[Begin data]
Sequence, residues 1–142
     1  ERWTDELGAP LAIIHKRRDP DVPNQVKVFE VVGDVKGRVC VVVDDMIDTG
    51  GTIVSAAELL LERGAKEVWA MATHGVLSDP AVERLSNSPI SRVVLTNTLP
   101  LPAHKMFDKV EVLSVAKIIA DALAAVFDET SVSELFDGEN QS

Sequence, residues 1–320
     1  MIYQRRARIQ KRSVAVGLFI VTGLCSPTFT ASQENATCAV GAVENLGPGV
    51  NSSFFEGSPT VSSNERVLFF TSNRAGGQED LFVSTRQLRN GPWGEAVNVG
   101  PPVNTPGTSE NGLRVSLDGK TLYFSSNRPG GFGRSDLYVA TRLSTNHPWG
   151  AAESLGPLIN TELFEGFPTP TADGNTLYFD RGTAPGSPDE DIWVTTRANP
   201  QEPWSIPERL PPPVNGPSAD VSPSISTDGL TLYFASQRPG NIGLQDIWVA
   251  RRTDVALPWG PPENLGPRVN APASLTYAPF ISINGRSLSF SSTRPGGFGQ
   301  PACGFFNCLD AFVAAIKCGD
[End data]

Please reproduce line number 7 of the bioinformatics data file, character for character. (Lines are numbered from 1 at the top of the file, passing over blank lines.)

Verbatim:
    51  NSSFFEGSPT VSSNERVLFF TSNRAGGQED LFVSTRQLRN GPWGEAVNVG